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Transcript of Recent Developments in South Asian Security

Related Bio: Jaswant Singh
September 22, 1999
Council on Foreign Relations


Marshall Bouton: I’d like to welcome you to this luncheon with the Honorable Jaswant Singh, Minister for External Affairs for the Government of India. Mr. Minister, I believe this is your third visit to the Asia Society. We and the Council on Foreign Relations are deeply honored, again, to provide a forum for exchange between the Government of India and interested Americans. As you can see from the attendance here today, there is much interest in hearing from you.

After the Kargil conflict and with India's general elections now underway, Americans are looking to India and South Asia with a mixture of anxiety and anticipation. They are eager to learn how Indian leaders such as yourself look to the future.

Ladies and gentlemen, the Minister is accompanied on his visit to New York by a delegation of senior Indian officials and advisors. Now they are too numerous with us today for me to be able to recognize them all, but I would like to introduce three of them who are at the head table. They are His Excellency Naresh Chandra, Ambassador of India to the United States. His Excellency Kamalesh Sharma, India's Permanent Representative to the United Nations, and His Excellency Shankar Bajpai, Former Ambassador of India to the United States, and known to many, not only here in New York but around our country, for his long service to this relationship.

The Asia Society and the Council on Foreign Relations are also very pleased that Frank Wisner, former Ambassador of the United States to India and now Vice-Chairman of AIG, will preside today.

As many in this room are well aware, Frank completed a highly distinguished career in the foreign service of our country with his time in India. During that time and since, he has contributed immeasurably to creating an opportunity for lasting improvement in India-U.S. relations that we all must now seize. His imagination, his energy, and his personal warmth not only captivated Indians from all walks of life, it also engaged new constituencies in the United States in the task of strengthening India-U.S. relations.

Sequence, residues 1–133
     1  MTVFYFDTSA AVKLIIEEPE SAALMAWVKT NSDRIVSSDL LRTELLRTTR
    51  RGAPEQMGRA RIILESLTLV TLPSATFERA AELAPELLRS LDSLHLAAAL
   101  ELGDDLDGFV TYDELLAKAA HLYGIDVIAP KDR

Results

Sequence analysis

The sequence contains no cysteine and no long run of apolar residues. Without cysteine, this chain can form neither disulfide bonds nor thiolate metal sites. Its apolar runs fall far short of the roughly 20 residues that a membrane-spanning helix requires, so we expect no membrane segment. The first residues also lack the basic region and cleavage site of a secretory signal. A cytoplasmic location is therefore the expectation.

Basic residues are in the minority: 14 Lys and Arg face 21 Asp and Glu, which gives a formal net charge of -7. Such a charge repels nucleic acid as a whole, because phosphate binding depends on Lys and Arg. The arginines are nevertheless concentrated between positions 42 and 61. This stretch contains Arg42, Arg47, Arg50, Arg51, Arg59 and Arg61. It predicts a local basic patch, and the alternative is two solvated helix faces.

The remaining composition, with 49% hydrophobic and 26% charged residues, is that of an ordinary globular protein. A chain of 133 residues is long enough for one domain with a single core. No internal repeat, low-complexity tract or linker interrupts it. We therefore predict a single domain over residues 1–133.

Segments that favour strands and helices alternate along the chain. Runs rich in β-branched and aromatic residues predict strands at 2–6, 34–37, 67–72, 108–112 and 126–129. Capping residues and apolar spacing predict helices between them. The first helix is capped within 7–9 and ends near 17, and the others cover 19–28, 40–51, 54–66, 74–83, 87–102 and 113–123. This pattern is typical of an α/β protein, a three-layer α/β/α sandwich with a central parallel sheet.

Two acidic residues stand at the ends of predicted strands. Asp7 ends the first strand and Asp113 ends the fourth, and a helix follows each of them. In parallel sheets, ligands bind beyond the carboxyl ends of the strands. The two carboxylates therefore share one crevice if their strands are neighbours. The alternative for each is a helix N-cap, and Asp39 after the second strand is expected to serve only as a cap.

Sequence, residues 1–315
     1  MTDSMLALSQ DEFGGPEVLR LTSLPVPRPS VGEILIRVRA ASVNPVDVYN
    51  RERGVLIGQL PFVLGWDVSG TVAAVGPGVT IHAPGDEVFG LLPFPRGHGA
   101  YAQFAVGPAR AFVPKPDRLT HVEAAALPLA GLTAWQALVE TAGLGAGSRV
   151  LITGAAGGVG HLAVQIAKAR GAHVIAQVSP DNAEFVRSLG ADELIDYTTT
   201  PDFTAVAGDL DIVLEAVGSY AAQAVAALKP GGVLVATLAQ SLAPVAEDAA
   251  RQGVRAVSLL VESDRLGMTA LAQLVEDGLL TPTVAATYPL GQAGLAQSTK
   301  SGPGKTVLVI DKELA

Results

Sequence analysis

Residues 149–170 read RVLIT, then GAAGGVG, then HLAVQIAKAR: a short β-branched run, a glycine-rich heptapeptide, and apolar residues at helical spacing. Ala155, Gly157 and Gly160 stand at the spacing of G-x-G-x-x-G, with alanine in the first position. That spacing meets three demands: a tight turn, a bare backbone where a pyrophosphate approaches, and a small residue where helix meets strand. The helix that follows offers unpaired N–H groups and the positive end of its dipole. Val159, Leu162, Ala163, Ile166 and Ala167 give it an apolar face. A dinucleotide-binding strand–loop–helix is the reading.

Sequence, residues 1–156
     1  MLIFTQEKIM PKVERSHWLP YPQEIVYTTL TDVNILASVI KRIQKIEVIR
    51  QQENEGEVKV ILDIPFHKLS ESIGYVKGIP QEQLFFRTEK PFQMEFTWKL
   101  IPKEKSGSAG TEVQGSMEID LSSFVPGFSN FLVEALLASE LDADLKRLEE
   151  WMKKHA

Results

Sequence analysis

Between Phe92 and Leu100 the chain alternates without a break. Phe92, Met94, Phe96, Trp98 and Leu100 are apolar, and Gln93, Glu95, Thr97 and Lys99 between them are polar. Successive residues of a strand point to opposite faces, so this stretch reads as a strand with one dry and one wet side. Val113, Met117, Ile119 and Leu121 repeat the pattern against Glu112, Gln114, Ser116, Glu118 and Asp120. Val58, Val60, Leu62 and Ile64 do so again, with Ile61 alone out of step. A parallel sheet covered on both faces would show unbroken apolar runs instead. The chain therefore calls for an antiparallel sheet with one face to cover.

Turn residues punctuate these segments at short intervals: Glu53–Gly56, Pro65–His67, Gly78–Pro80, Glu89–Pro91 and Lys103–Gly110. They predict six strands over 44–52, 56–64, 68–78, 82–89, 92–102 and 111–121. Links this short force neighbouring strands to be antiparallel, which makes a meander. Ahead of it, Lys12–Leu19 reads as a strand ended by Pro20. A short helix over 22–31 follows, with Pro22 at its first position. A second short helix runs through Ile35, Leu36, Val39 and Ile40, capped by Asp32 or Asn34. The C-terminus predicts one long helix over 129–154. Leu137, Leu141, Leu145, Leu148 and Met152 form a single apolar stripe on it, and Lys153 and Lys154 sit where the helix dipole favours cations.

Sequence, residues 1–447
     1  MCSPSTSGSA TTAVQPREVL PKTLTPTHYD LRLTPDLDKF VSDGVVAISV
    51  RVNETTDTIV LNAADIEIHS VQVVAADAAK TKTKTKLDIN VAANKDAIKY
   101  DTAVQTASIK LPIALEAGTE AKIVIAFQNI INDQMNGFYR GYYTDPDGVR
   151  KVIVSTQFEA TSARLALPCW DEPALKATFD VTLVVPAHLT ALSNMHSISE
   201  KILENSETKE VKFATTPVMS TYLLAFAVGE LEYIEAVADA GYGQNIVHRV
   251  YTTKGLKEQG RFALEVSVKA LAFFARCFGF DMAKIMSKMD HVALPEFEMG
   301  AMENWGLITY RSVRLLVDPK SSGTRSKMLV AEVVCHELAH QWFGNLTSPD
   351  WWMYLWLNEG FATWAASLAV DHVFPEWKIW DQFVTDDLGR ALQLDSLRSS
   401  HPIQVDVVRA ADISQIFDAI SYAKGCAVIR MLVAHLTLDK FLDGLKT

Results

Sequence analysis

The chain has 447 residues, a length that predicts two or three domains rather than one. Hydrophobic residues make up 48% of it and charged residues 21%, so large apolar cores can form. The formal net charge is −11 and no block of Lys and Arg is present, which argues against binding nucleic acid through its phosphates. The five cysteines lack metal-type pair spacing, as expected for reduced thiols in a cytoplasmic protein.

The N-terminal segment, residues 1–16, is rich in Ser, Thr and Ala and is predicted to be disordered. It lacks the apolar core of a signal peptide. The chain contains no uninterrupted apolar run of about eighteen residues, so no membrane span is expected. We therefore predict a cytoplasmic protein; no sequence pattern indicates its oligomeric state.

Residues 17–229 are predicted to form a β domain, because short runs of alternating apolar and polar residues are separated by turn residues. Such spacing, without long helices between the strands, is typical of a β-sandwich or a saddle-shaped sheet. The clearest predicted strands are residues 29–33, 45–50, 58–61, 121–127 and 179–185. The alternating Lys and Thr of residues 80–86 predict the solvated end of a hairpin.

Following lunch, Frank will introduce the Minister, and following the Minister's remarks, he has kindly agreed to take your questions, and Ambassador Wisner will moderate that Q&A session.

Before letting you proceed with your lunch and your conversation, I do want to draw to your attention the publication which is available to all of you on the table outside as you depart. It is in the Asia Society's Asian Update series. It is a discussion of the factors and forces shaping the current elections in India by Philip Oldenburg of Columbia University. We're delighted it was ready just in time for this event today, and that all of you today we be able to I hope take a look at it and learn something from it.

Thank you all, again, for being with us today. Enjoy your lunch.

AMBASSADOR WISNER: -- and I obviously am referring to the Foreign Minister of India, Shri Jaswant Singh, who has agreed to speak to us today. The Minister is well known. He is a man who has devoted his life to the service of India, her interests, sensitivity to her history, he served in her military forces, he's been part of her political life, and in recent years part of her governments.

The Minister, through his life, has defended India's frontiers, taken responsibility for shaping the Indian economy, and is now the steward of India's foreign relations. These three dimensions are extraordinarily important as we as Americans think about how to engage India at a time in which her economic fundamentals are increasingly sound and her place in the world is vitally important as the United States must make her way forward in the spirit of partnership.

Mr. Minister, I'm delighted the occasion is one in which two institutions in New York, the Council on Foreign Relations and the Asia Society, have come together. It is to pay tribute not only to you, sir, but to the importance of your great country and to be able to introduce you as well to a really remarkable outpouring of interest and sentiment as represented by those who gathered to hear your words today. Mr. Minister, a very warm welcome to you, sir, and I turn the floor over to you. Thank you.